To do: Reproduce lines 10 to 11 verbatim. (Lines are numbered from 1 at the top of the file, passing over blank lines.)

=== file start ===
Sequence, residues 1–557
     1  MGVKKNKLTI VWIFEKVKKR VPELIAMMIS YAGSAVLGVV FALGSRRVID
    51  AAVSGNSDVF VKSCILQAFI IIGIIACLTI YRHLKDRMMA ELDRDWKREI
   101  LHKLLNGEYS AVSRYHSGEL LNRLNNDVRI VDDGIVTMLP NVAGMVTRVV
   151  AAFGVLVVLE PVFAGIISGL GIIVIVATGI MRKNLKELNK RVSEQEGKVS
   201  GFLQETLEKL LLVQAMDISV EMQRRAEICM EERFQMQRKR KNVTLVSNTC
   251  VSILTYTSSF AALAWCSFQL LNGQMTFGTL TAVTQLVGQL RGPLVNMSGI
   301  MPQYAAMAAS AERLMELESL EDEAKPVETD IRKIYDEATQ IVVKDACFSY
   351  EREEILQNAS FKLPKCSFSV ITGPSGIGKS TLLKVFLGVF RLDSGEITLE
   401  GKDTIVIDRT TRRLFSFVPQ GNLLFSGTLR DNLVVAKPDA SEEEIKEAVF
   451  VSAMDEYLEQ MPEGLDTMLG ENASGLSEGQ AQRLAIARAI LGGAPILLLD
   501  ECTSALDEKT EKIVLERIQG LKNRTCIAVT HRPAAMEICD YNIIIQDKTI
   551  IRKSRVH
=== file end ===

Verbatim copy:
   401  GKDTIVIDRT TRRLFSFVPQ GNLLFSGTLR DNLVVAKPDA SEEEIKEAVF
   451  VSAMDEYLEQ MPEGLDTMLG ENASGLSEGQ AQRLAIARAI LGGAPILLLD